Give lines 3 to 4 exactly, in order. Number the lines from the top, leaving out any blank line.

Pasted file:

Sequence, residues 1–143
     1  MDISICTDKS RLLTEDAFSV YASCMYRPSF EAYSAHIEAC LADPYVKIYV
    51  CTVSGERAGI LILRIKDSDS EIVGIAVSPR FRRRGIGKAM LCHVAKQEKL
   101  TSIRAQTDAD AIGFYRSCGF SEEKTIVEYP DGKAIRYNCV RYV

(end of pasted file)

    51  CTVSGERAGI LILRIKDSDS EIVGIAVSPR FRRRGIGKAM LCHVAKQEKL
   101  TSIRAQTDAD AIGFYRSCGF SEEKTIVEYP DGKAIRYNCV RYV